Thursday, September 15, 2005

Square Roots

I hope most of you are familiar with the process of long division of finding square roots. Have you ever wondered why the method works? If yes, probably you would have figured out the answer to that query, and you need not waste your precious time reading this post further.

However, if you haven't pondered over this matter, then its nice for me, as I have some people to read this post. Well, I learnt this long division process way back in my 5th grade, and at that time such a thought did not occur to me as to why the method worked. That's no big deal, very few people at that age are expected to think in that way.

I never inquired about this matter till my 10th grade, but sometime after my 10th grade, I happened to come across some book on "Theory of Equations" and in that book I studied about numerical solutions of equations. Then the thought occurred to me, as to why not apply the methods on a quadratic equation. The process almost matched the long division process of finding square roots, although it was more general enough to handle equations of any degree. Even then I was not satisfied and I thought that there must be a much simpler explanation for the square root method, and after some thought I grasped the idea behind that long division process.

Just to keep you curious, I will not explain the idea in this post, but will rather let you ponder over this simple problem. If you have got any ideas to offer please comment on this post. If not, please wait for a future entry in the blog.

What I find strange is that the idea, although simple in execution and proof, is not explained anywhere in any textbook whatsoever, and I stumbled upon it only after getting to "Theory of Equations". Contrary to this, the rationale behind the Euclid's algorithm of finding HCF (highest common factor) of two numbers is explained at length in many textbooks on number theory. It is based on two simple facts that:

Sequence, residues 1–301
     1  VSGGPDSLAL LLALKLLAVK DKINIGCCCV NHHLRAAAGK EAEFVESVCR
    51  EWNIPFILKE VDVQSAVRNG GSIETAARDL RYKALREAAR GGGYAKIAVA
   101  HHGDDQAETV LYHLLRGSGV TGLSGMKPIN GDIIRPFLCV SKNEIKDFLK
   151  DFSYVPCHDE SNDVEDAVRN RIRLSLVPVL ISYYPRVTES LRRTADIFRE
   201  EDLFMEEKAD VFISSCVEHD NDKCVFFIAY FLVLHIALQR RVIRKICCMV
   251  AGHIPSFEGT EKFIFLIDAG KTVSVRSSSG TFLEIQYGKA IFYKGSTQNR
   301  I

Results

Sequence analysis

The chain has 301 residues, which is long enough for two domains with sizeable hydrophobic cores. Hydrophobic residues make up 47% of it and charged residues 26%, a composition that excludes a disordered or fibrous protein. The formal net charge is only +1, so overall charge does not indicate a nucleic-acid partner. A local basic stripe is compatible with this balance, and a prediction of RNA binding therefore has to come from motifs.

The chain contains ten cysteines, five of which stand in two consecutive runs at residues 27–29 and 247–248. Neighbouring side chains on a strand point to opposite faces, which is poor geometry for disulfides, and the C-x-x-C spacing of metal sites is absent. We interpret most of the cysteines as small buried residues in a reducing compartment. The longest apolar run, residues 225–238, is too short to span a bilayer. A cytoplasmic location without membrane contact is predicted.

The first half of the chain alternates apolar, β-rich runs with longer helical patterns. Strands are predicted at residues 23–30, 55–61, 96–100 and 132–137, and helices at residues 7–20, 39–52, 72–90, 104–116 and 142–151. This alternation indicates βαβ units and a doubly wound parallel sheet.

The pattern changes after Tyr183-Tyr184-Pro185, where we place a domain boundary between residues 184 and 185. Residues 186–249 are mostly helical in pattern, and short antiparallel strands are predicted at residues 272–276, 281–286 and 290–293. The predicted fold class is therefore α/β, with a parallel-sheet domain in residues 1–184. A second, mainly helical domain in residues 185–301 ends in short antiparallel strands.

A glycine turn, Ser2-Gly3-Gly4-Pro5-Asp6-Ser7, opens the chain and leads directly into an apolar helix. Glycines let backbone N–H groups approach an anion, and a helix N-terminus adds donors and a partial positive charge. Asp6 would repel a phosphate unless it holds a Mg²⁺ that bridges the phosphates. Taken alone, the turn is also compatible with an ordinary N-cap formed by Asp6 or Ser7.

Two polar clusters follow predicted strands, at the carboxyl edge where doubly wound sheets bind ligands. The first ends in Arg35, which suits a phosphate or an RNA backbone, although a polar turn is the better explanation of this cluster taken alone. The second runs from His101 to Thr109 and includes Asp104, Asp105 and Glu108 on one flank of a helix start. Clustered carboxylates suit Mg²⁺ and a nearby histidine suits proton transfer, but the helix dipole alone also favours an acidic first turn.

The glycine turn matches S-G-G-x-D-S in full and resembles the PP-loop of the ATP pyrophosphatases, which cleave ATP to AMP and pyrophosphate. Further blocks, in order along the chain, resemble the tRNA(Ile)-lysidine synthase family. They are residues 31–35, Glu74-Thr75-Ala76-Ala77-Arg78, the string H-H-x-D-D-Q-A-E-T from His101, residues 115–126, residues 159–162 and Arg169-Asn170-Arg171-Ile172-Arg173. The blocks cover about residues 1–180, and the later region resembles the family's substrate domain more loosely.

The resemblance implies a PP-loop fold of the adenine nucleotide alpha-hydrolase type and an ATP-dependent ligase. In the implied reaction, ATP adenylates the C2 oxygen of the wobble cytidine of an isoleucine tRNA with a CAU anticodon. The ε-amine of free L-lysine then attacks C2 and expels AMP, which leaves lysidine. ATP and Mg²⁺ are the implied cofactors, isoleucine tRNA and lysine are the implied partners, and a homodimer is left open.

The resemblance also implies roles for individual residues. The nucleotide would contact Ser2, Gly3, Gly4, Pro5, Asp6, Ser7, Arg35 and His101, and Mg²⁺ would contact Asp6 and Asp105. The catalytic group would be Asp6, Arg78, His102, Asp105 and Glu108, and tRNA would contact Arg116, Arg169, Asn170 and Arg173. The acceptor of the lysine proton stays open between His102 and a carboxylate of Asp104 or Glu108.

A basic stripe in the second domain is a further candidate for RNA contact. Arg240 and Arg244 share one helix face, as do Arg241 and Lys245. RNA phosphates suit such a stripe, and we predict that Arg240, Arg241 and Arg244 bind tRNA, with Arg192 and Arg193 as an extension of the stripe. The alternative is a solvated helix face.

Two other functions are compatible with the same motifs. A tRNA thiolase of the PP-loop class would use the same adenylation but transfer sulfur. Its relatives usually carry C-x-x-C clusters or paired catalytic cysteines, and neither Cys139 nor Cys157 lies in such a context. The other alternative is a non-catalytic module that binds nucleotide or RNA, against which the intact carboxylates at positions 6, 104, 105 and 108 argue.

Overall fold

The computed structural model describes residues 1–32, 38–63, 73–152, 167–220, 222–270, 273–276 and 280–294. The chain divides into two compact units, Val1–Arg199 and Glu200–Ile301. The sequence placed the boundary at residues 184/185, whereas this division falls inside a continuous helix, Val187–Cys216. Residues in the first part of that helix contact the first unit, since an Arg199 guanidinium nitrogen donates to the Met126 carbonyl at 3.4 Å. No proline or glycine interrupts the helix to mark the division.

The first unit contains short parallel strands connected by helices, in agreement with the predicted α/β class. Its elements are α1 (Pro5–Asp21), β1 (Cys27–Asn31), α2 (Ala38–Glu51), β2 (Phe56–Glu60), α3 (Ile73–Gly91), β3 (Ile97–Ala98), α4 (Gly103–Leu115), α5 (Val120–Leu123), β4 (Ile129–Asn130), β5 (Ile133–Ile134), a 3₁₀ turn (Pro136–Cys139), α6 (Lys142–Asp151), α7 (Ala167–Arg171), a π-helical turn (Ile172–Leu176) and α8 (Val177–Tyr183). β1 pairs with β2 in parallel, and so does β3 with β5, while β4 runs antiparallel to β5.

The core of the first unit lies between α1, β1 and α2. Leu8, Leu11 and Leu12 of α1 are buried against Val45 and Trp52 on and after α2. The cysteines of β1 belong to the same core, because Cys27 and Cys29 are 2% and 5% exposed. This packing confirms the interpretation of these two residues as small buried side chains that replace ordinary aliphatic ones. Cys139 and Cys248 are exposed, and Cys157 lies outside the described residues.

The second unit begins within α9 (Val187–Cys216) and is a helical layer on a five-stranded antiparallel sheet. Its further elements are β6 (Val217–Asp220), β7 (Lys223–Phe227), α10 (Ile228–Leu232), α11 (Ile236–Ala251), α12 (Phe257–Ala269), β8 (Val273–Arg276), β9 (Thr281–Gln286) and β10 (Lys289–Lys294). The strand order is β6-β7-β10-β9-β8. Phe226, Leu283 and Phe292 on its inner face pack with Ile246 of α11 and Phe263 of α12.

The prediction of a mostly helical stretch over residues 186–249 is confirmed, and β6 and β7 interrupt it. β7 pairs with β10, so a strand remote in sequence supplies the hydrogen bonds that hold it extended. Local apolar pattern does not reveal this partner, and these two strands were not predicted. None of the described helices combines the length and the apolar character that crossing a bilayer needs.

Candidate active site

1. if b divides a, then HCF (a, b) = b
  2. if b does not divide a, and leaves remainder r, then HCF (a, b) = HCF (b, r)
So applying the division after a finite number of times you will get a zero remainder and the last divisor will be the required HCF.

The tragedy with books is that this simple rationale behind the Euclid's algorithm is explained at such a later stage that by the time you understand it your quest for knowing it dies. Moreover, number theory texts emphasize using this technique to find numbers m & n such that:

m*a + n*b = HCF (a, b)

rather than using it to find the HCF.

Hope this slight digression does not detract you from square roots. Please give it a thought to find the rationale behind the long division process. (Just to encourage: the idea is very simple and surely you don't need "Theory of Equations").

2 Comments:

Anonymous Ramanujam said...

Books dont explain anything about what you missed.
I think it is because, these can only be explained in person and they dont know how to put these down in writing.
I did not follow your logic in print, so I say this,

12:50 PM  
Anonymous Anonymous said...

I agree with the previous comment. I think you had good intention of explaining the facts, when you wrote the article. But some how I got lost, may be I don't have much knowledge about the subject or you need to explain it in better way.

11:40 PM  

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